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Cucumber straightener

The cucumber straightener was invented by the great engineer George Stephenson (1781–1848), a keen fruit grower who took great pride in the growth of his cucumbers. Stephenson ordered blown glass cylinders to be made at his Newcastle steam engine factory for his garden at Tapton House, Derbyshire, where he spent the last ten years of his life. The elongated glass funnel was placed over the cucumber at an early stage to encourage the fruit to grow straight. Technological innovations in the 19th century had a great impact on food production in Britain. The straight cucumber, a purely aesthetic advancement, symbolises the Victorian obsession with rationalising nature.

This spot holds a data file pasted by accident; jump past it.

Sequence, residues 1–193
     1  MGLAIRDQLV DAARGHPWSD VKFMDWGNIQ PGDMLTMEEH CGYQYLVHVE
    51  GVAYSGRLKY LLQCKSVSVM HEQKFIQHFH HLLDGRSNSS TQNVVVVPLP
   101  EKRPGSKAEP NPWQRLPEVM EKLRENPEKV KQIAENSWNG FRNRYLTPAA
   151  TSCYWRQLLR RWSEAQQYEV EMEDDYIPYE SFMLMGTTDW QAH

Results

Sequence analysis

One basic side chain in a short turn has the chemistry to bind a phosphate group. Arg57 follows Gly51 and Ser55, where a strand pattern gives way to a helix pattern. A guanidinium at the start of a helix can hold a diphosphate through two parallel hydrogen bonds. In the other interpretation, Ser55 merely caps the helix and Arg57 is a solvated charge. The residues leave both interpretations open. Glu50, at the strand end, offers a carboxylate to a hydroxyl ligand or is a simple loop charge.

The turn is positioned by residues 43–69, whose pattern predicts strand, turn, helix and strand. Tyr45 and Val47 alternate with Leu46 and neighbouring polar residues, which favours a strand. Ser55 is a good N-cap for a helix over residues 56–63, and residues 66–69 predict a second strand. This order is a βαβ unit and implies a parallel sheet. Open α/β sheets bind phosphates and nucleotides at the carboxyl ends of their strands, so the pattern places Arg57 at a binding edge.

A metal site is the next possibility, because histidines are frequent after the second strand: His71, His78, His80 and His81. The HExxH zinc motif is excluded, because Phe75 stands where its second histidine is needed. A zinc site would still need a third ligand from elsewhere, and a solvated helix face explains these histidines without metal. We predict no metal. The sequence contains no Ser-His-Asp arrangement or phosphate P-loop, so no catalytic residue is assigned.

Straight cucumbers are still in demand. Supermarkets use a simple test to determine whether a cucumber is straight enough to sell: lay the cucumber flat on a surface and if a hand fits comfortably under the bend it is discarded. Today, a bendy cucumber is a home-grown cucumber.

Purchased with the assistance of the National Heritage Memorial Fund.  Ref: 1996.030








19th century

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